Now uncover your dough and knead each ball a bit to get the top smooth again and work out the bubbles. (please disregard the nasty nail polish. Steph got some purply glitter stuff for christmas and I put it on my thumb nail and I’ve been slowly picking it off since then)
Now slap it down on the counter with the smoothest side down, and fold the bottom up to the middle and stick it down hard.
Then fold the top down to the middle to make an oval-shaped roll.
Fold one end in.
Then the other end. Don’t bring the ends in too far or it will be a round loaf instead of oblong.
Now roll the top down again and keep rolling right over until the seam is underneath.
You should end up with a loaf resembling this.
Plop them in the greased pans as you finish each one.
Cover with sprayed plastic wrap and let sit until they double again. Mine take about an hour.
Unfortunately, I forgot to take any more pictures, but it’s pretty straight forward. Once they look like they’re almost big enough for the oven, take off the plastic wrap and turn the oven on to 375 F. When the oven’s hot, pop them in for 25 minutes. Don’t forget to take them out when the timer goes off like I do sometimes.
When the bread comes out of the oven (by then, your house will smell divine), carefully turn the loaves out onto a clean dish towel and turn them right side up. Brush the tops with butter.
When you can’t stand it anymore, cut a nice thick slice…don’t be stingy now…and pile on the butter. Yum yum.
Now try really really really hard not to have another slice.
While they’re still a little bit warm, bag each loaf in a paper bag, then wrap it in a plastic bag, and freeze it. It will taste just as fresh when it thaws. It will also keep nice and soft for a week in your cupboard.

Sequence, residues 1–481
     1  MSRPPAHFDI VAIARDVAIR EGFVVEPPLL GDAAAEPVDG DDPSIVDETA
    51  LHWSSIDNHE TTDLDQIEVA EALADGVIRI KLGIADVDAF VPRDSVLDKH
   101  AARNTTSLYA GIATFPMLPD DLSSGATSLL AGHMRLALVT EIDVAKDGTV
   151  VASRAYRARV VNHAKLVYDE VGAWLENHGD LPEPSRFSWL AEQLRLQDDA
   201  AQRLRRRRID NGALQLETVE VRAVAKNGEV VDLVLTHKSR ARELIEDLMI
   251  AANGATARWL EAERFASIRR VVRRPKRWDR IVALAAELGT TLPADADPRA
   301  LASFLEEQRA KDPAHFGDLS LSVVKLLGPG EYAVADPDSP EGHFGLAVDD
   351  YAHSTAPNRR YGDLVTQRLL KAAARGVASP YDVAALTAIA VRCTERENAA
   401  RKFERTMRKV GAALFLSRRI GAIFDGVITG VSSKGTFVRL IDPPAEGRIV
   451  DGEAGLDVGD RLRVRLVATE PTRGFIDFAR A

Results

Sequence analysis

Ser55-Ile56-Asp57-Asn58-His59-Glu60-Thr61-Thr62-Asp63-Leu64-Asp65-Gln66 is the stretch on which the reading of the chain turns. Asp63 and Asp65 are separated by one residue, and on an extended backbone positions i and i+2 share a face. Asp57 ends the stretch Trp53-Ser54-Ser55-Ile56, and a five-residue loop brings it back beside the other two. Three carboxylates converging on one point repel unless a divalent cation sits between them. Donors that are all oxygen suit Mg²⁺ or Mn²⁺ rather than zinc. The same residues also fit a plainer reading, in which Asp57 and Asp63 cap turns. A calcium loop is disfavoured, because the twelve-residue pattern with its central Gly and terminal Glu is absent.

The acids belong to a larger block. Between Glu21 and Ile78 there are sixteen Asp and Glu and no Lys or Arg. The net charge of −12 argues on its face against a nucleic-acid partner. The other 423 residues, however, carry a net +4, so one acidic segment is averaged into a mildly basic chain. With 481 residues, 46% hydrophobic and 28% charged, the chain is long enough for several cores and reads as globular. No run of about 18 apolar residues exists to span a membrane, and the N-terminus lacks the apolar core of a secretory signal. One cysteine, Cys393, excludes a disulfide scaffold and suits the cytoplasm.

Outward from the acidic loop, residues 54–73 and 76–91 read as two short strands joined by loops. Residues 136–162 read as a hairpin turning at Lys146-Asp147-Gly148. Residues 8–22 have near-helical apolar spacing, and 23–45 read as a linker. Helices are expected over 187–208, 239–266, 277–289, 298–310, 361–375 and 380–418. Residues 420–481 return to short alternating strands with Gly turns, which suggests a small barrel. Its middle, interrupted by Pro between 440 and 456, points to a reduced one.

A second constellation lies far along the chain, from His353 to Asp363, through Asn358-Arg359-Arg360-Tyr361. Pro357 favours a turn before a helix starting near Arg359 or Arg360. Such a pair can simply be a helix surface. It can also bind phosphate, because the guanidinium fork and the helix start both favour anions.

Here’s the recipe in case you want to print it out. I did not plagiarize this recipe because it’s changed quite a bit since I started making it. Now it’s all mine.
Utterly Divine Homemade Whole Wheat Bread
1 3/4 cups hot water
1/3 cup honey
4 teaspoons active dry yeast
1 3/4 cups hot water
6 tablespoons butter
2 1/2 teaspoons salt
2 teaspoons lemon juice
5 cups whole wheat flour
3 – 3 1/2 cups flour
1. Pour 1 3/4 cups water into mixing bowl outfitted with dough hook. Add honey and stir with spatula. Add yeast and let sit until proofed.
2. Add 1 3/4 water to container. Add butter, salt and lemon juice. Let sit or stir lightly until butter is melted.
3. Pour butter mixture into mixing bowl.
4. Add whole wheat flour all at once to mixing bowl, mixing on low until combined, scraping sides once.
5. Turn mixer up to kneading speed (2 on a Kitchenaid). Add flour one cup at a time until dough is slightly sticky to touch but pulls away from the bowl.
6. Turn dough out onto counter. Cut into quarters and roll each piece into a ball. Cover and let rise until doubled. About 30 minutes.
7. Punch down each piece and shape into loaf. Place in greased loaf pan. Cover and let rise until doubled. About 1 hour.
8. Remove cover and set oven to 375 F. Place pans in hot oven for 25 minutes or until tops are golden brown and loaves sound hollow when tapped. Remove from pans. Brush tops with butter. Let cool. Makes 4 loaves.